Valeant's (VRX) day has gone from bad to worse.
The Securities and Exchange Commission has released letters between the commission and Valeant from as early as 2005 that show that the federal government had concerns about Valeant's tax accounting and use of non-GAAP reporting measures.
The correspondence, however, also appears to indicate that Valeant is working to clean up its act.
"It also appears from the correspondence that in response to concerns highlighted by the SEC, Valeant is re-assessing its current non-GAAP reporting and disclosures and is likely to present new measures and disclosures with its 2017 guidance and 4Q16 results, including a potential new adjusted net income measure.," Wells Fargo analyst David Maris wrote in a note published in part via Barrons.
The release comes on the heels of news that Valeant likely won't be able to sell its Salix gastroenterology division to Takeda Pharmaceuticals (TKPYY) for $10 billion, as previously rumored.
And investors aren't taking well to the news, either. Valeant's stock fell nearly 8% Wednesday to a close of $15.79.
Valeant could not be reached for immediate comment. Takeda has yet to return calls for comment.
The Laval, Quebec-based company has been struggling with investor concerns for months, and its share price has taken a hit. Valeant shares have fallen 77% since March when the initial news broke of potential accounting issues.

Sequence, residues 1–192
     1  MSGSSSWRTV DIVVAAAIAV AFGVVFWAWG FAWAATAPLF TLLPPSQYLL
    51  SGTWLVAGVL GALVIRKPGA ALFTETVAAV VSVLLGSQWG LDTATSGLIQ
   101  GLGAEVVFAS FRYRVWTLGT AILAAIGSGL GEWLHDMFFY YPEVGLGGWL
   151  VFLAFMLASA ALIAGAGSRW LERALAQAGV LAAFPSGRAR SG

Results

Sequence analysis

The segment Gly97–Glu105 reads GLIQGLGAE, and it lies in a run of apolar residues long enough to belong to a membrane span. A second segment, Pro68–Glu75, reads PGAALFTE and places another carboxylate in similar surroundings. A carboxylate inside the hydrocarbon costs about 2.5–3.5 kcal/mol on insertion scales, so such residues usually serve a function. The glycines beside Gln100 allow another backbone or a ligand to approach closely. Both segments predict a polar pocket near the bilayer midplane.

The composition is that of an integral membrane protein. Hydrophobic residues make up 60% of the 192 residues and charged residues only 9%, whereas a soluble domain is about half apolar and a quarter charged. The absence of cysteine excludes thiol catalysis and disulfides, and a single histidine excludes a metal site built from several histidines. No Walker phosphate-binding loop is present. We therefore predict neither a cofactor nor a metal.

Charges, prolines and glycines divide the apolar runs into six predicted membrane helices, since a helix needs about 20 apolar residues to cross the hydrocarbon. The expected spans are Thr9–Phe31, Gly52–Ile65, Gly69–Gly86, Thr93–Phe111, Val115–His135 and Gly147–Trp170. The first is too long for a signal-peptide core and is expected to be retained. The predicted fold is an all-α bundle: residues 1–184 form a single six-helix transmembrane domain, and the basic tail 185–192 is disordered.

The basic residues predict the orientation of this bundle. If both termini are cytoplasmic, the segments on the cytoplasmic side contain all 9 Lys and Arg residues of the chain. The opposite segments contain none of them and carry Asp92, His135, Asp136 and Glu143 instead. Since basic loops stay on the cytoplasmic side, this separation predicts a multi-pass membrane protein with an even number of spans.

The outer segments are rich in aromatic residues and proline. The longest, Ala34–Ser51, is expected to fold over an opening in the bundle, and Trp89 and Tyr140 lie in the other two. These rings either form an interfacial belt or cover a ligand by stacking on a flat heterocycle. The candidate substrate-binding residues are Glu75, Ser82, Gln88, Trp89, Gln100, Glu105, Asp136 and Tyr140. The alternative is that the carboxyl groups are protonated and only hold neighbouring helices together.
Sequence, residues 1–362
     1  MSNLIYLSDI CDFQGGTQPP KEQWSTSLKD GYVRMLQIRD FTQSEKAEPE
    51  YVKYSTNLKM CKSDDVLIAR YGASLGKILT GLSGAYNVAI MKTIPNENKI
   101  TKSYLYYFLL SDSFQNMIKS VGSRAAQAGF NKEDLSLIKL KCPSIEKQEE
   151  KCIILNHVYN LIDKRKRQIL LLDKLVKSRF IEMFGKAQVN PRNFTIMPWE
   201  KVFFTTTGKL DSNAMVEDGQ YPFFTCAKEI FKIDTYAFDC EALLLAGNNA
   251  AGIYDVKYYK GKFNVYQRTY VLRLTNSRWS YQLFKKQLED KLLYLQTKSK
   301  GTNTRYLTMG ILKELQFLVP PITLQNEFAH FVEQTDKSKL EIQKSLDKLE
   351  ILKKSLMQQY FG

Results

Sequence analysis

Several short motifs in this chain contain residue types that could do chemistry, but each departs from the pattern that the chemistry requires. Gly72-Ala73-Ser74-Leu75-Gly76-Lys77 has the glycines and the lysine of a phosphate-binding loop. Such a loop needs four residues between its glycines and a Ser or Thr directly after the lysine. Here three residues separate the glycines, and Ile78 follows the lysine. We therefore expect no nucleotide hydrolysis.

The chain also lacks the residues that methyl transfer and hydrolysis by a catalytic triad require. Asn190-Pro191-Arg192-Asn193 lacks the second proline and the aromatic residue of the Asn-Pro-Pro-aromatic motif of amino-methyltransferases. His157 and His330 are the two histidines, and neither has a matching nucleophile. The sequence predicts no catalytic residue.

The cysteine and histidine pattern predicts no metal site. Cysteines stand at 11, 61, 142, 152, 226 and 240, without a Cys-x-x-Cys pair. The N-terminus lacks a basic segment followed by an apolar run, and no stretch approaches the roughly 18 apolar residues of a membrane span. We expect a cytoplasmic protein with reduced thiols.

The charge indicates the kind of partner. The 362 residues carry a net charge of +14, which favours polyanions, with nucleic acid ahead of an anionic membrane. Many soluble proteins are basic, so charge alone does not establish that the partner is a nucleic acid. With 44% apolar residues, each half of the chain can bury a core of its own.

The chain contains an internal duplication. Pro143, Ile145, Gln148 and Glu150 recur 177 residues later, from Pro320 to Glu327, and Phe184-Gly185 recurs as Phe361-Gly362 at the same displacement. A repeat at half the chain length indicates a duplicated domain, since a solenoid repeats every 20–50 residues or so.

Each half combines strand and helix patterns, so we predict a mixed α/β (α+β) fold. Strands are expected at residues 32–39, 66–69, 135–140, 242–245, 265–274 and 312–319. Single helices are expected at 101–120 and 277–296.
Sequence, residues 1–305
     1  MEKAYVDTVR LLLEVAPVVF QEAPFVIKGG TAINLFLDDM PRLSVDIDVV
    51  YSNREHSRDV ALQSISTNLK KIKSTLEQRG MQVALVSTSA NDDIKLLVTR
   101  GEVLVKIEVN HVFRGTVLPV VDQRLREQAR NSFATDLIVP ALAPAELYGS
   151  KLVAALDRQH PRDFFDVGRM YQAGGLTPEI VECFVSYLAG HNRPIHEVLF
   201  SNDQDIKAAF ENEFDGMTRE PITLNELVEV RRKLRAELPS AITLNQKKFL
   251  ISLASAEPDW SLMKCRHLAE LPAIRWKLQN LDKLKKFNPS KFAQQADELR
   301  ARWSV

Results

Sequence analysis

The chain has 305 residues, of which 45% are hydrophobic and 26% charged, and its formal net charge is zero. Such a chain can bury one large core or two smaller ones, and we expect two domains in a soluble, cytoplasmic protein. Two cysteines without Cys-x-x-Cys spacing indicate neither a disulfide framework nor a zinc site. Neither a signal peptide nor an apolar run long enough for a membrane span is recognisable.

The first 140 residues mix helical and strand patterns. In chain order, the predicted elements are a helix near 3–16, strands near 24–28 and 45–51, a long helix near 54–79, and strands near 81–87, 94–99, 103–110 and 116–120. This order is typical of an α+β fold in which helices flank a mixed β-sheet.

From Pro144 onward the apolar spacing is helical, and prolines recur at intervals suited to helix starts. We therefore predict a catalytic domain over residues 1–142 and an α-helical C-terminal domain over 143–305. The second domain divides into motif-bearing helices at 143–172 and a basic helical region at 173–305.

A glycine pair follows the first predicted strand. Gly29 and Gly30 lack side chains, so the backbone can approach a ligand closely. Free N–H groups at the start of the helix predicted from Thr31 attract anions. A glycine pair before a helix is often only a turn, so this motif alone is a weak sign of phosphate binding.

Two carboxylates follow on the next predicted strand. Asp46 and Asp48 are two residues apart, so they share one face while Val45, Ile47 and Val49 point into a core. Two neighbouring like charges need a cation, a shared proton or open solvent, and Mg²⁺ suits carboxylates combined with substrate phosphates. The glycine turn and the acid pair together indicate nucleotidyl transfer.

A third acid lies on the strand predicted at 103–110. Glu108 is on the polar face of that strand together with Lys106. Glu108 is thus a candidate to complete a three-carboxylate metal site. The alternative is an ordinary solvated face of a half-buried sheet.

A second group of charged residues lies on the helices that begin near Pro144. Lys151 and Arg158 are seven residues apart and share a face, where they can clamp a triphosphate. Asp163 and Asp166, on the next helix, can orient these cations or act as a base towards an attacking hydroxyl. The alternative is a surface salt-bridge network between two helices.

The company has made an attempt to save face, announcing on Nov. 29 that it is expanding its sales force for its drugs Xifaxa, which treats irritable bowel syndrome with diarrhea and Relistor for opioid induced constipation.
While an expansion sounds good on the surface, competition is likely to enter the market soon, making the move useless down the line.
"We think that the expansion is a reasonable, but ultimately futile," Mizuho analyst Irina Koffler wrote in a Wednesday note.
The drugmaker has been under the microscope for its alleged accounting problems and steep price hikes on drugs the company acquired during years of acquisitions fueled by debt.
Valeant has seen its valuation suffer thanks to allegations relating to its relationship with mail-order pharmacy Philidor Rx Services and Philidor's customer R&O Pharmacy, as well as the company's legal but questionable accounting gamesmanship. Valeant in March pinned the blame on its former CFO and former controller, Howard Schiller, for its misstatements of earnings.
On Nov. 17, the U.S. Department of Justice announced charges against former Valeant and Philidor executives for engaging in "a multi-million dollar fraud and kickback scheme." Gary Tanner, a former executive at Valeant, and Andrew Davenport, the former CEO of Philidor were charged.
Valeant's market cap hit $5.39 billion Wednesday.